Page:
Let’s get a couple of things out of the way first: If you’re the kind of music fan who would prefer Paul McCartney to just keep belting out Get Back and Band on the Run for the rest of his life, then keep walking - there’s nothing for you here. Likewise, if you don’t think it ever got better than Bing Crosby or Frank Sinatra, then you’re going to find little to love in this show. If your tastes allow for some exploration, then read on.
Doing and album and/or show of old standards has become almost as much a rock cliché as stint in rehab. Over the years, the quality of such albums has ranged from the sublime (Harry Nilsson’s A Little Touch of Schmilsson in the Night) to the ridiculous (Robbie Williams’ Swing When You’re Winning). The fact is that any idiot can buy a hat, hire a decent arranger and sing into a microphone once used by Sinatra. So why should we follow Macca down this well-worn path?
Well, there are a few good reasons. Firstly, McCartney is old enough to remember some of these songs when they were current, and to have sung them around the family Joanna so his interest in these tunes has not been confected from a lot of received wisdom. He has also revealed an ongoing fondness for the style since the early days of the Beatles, from covers of ’Til There Was You and A Taste of Honey, through When I’m Sixty Four and Honey Pie to Warm and Beautiful and Baby’s Request with Wings, he’s already done plenty of dabbling in the genre. Thirdly, as one of the people who made Abbey Road “da place,” he has no need for the reflected glory of working at Capitol Studios in Hollywood.
He’s also well aware of how many artists have done this before and has taken pains to set this collection apart from them by choosing lesser known songs and going for quiet, subtle versions of the songs where many before him - including some of the originals – preferred to go for bombast. It’s this approach that makes Kisses on the Bottom and this companion DVD more than just the obligatory standards album.
The film intersperses the songs with interviews discussing the making of the album and the show. On a regular concert film this would be a pain but on this one it works fine. This is mainly because Live Kisses isn’t so much a concert as a live run through of some songs. As always with a McCartney show, he shares a great camaraderie with the band, led by Diana Krall and featuring Joe Walsh sitting in on Eric Clapton’s parts. This is another departure from similar albums, where there could be a bit of a master/servant relationship between singer and players.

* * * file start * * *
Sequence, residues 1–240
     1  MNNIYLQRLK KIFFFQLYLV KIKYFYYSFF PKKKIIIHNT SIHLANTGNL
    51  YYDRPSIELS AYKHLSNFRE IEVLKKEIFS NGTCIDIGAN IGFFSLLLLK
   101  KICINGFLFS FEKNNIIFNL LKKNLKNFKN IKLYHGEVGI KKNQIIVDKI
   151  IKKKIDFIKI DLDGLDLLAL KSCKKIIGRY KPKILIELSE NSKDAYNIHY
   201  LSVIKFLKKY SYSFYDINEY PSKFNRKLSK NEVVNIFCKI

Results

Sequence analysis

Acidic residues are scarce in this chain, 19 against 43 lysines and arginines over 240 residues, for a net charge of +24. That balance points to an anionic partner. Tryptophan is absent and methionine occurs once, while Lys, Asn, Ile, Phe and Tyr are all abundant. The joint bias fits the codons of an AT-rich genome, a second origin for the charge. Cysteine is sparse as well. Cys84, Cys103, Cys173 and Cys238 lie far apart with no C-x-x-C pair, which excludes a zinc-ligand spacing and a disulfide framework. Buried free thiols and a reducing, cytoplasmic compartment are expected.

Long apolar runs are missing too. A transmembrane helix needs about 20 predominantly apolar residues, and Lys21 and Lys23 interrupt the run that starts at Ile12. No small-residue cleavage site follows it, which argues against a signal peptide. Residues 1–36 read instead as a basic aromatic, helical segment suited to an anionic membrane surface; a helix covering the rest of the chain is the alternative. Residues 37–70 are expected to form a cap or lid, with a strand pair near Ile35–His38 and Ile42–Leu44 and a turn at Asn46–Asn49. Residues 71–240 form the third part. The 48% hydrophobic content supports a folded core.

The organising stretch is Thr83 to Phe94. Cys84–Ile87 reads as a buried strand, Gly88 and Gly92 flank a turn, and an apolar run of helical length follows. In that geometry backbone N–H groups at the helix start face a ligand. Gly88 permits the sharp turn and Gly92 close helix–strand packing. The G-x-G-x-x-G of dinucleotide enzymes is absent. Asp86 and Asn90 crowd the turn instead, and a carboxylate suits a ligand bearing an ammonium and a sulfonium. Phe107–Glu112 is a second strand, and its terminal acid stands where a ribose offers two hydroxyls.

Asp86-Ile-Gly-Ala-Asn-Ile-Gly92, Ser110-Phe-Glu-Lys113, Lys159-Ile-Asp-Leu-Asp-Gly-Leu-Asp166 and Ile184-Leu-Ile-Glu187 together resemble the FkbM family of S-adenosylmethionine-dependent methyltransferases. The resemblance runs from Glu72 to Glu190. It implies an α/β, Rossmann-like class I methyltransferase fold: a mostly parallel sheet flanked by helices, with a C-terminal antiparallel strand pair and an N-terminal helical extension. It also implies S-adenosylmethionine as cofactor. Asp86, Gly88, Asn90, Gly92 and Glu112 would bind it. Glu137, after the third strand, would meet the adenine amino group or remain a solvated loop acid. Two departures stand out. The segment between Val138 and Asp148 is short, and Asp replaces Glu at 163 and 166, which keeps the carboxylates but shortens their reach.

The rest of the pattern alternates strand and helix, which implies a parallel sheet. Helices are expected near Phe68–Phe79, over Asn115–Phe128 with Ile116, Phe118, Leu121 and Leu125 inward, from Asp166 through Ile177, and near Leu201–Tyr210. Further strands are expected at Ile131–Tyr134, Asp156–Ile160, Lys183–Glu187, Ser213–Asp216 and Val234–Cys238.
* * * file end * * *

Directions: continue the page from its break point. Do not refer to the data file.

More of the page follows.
What really makes this a unique McCartney performance is that for once, it’s entirely about Paul the singer. Although everyone knows he has one of the greatest voices of the last half-century, that fact has always been parallel to his talents as songwriter, composer, multi-instrumentalist and producer. And with every song, you can tell he’s chosen it because part of it speaks to him. This is not a case of the singer putting on an act. He does present his own interpretations of the songs but never do they deviate from the song’s original meaning. It’s been said that Paul’s voice is not what it used to be. Two points on that topic: Firstly, duh! The man is 70 years old. You should sound as good at that age. Secondly, while his voice is considerably weaker than it was in 1967, it does lend itself very well to his intention of bringing out the vulnerability in the songs. This is not an album he could have made when he was 30.
The arrangements occasionally veer a little too close to hotel lobby music but for the most part, they are tasteful and understated, neither being too reverential to the originals, nor interpreting them within an inch of their lives. The one place it doesn’t quite work is on Bye Bye Blackbird which almost becomes a dirge. They do, however, almost manage to redeem The Glory of Love for me after Beaches pretty well ruined it.
Most of the film is presented in black and white with a slightly harsh contrast that is less 1940s film and more like early 1960s television. It suits the music very well though. One rather annoying aspect is lots of jump cuts early in the piece. In a show like this, a shot should last for at least one bar of music.
There’s no denying this DVD has a pretty limited market. You couldn’t even call it a fans-only release because there will be thousands of fans who will hate him for not making a proper rock album, whatever that means. There will be others who laud it purely for being McCartney with no other reason. This show can only be judged for what it is and McCartney, Diana Krall and producer Tommy LiPuma have managed to create a set that strikes the right balance of familiarity and originality, authenticity and playfulness. If you don’t like it, then you don’t like it, but it’s better than you think.
Highlight: More I Cannot Wish You
Feature: * * * *